Handbook on Society and Social Policy
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Handbook on Society and Social Policy

Edited by Nicholas Ellison and Tina Haux

This comprehensive Handbook provides a unique overview of the key issues and challenges facing society and social policy in the twenty-first century, discussing how welfare is conceptualised, organised and delivered in contemporary global society. Chapters engage with specific areas of social policy as well as with the social divisions and institutional infrastructures that underpin them. The Handbook also considers how social policy should respond to the challenges posed by austerity, human migration and the climate crisis.
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Chapter 23: Health policy: in sickness and in health

Michael Calnan

Abstract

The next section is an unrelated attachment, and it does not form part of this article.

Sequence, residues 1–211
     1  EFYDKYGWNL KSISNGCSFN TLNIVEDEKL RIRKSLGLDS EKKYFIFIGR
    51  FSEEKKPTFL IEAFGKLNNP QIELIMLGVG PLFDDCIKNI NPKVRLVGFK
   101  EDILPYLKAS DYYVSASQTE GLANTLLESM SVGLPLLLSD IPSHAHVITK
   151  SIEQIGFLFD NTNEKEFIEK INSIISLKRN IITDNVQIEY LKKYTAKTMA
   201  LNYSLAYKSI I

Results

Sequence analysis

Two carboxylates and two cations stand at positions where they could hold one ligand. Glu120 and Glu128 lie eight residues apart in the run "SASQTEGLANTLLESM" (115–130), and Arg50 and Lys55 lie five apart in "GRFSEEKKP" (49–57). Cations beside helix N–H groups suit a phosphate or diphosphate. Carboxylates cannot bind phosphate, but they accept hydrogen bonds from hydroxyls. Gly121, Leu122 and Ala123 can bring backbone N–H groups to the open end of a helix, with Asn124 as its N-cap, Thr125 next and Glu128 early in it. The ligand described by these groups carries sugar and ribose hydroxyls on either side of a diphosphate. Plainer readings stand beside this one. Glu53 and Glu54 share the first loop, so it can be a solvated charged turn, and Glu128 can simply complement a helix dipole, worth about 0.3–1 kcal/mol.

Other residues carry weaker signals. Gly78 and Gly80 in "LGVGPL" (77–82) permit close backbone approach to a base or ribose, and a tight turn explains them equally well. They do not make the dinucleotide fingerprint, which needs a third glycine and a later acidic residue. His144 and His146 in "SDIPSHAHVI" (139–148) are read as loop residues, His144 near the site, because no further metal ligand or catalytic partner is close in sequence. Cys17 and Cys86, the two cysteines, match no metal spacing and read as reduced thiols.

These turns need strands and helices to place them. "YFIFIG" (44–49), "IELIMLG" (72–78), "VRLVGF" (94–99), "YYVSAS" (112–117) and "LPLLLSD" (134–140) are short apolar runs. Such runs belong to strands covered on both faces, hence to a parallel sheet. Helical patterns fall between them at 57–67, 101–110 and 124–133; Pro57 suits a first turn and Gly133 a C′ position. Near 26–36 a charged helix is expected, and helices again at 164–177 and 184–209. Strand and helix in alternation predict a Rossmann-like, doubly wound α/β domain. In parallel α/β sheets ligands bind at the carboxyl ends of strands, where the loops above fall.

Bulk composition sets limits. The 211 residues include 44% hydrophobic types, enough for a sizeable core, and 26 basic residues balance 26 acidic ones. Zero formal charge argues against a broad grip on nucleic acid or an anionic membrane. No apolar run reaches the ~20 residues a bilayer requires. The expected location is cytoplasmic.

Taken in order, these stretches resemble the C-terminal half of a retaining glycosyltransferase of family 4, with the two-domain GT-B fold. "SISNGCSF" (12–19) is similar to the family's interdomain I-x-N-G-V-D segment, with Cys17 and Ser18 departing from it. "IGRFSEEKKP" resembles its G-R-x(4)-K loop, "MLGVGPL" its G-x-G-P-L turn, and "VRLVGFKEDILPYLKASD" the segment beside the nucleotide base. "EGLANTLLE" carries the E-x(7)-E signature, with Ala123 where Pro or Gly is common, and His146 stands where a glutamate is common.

The focus in this chapter is on characterizing the nature of recent health policy initiatives and exploring the interplay of powerful structural interest groups which influence the shape of these policies. This chapter is made up of two parts, focusing initially on health service systems, particularly the National Health Service (NHS) in England and then moving upstream to public health policies specifically analysing the approach taken to social inequalities in health. Policy in the former area of organizational change is politicized and thus has been high on the policy agenda whereas in the latter area while social inequalities in health have widened, policy approaches have narrowed. However, the policies manifested in the two case studies of recent reforms in the NHS and public health approaches to social inequalities in health have much in common. Both have emphasized, at least until recently, the importance of the market and market principles, highlighting the salience of ‘choice’ for patients in selecting their health care and for the public in selecting their lifestyle. In general terms, both reflect the importance of neoliberal ideology in shaping health policy.

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